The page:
An affordable housing lottery has opened for 55 units in an under-construction 10-story building at 1134 Fulton Street in Bed Stuy.
Photographers Alex Webb and Rebecca Norris Webb are leaving Brooklyn. Or at least they are planning on leaving sometime in the future. No firm plans have been set. They came to Park Slope around 20 years ago, after both having formerly lived in Manhattan and, at the time, there were practical reasons for the relocation. “We appreciate a more casual and neighborhood-oriented borough, not to mention a place where several of our friends—photographers, writers, and others involved in the arts—live nearby,” says Alex. It was the first place the couple lived together prior to getting married in 1999.
This Neo-Grec brownstone in Bed Stuy has a high-design renovation with substantial outdoor spaces and contemporary touches that radiate calm hygge intonations. 158 Halsey Street is a circa 1882 row house in the Bedford Historic District with a sharply angled bay, pronounced window surrounds, and incised details.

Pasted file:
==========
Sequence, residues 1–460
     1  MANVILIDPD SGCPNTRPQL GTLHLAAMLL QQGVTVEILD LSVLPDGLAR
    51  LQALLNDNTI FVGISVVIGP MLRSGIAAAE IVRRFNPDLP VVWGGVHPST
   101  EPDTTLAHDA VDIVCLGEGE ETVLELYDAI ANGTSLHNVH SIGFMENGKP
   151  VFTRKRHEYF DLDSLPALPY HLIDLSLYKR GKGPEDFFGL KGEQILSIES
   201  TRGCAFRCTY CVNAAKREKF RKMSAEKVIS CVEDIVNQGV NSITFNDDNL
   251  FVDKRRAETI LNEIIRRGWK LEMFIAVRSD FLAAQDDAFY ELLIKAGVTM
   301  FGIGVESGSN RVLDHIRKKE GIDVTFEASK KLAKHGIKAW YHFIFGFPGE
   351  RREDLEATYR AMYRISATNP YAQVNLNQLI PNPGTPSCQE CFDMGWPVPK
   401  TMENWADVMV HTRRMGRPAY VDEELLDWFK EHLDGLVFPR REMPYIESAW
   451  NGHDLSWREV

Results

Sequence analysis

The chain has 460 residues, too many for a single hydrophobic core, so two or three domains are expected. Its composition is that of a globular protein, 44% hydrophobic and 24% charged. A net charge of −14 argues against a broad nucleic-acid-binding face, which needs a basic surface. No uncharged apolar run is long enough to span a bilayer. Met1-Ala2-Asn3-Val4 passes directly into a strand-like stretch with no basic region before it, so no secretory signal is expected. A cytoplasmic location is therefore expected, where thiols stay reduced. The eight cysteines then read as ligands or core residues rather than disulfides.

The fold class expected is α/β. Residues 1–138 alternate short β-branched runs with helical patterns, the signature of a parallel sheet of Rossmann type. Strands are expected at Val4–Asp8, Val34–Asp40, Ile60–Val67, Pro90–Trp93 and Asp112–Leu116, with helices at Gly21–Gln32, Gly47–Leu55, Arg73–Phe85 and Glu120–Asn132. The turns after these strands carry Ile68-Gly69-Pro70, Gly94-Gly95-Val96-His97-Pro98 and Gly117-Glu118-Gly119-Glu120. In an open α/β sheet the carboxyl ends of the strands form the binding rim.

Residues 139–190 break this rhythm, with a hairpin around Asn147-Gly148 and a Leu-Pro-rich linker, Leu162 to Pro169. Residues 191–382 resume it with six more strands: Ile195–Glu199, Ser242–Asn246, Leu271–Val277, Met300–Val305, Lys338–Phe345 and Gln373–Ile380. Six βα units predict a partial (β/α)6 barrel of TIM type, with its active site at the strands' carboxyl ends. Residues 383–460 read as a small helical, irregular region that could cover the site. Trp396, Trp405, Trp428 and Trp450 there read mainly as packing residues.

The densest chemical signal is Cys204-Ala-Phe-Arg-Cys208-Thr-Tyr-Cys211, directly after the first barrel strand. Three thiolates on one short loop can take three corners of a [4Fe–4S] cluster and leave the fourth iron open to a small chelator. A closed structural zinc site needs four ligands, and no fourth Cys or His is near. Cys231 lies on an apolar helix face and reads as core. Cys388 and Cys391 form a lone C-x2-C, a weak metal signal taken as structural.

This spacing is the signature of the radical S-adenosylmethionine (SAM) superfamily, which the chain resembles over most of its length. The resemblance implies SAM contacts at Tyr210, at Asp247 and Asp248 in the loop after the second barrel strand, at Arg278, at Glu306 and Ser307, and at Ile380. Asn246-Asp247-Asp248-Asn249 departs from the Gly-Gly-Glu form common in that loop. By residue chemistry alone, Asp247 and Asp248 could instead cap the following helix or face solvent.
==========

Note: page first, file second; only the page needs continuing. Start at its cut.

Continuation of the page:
Jess Thomas and Hagan Hinshaw spent quite a few weekends house-shopping before they hit upon this three-story late-Victorian row house with plentiful original woodwork. “We wanted historic details, but we weren’t thinking of doing a total renovation,” said Thomas, a Columbia-trained architect who partners with Andrea Fisk in Greenpoint-based Shapeless Studio, a young firm with projects in progress all over New York City.
On the market in Brooklyn Heights, an early 19th century brick townhouse will perhaps test the advantages of a large and elaborate home in a historic district compared to the latest trophy penthouses. This through-the-block compound at 88 Remsen Street comprises a five-story townhouse, carriage house, garage and four outdoor spaces. It has all the mod cons and then some, including two underground screening rooms, one of which includes an atrium with a skylit shower.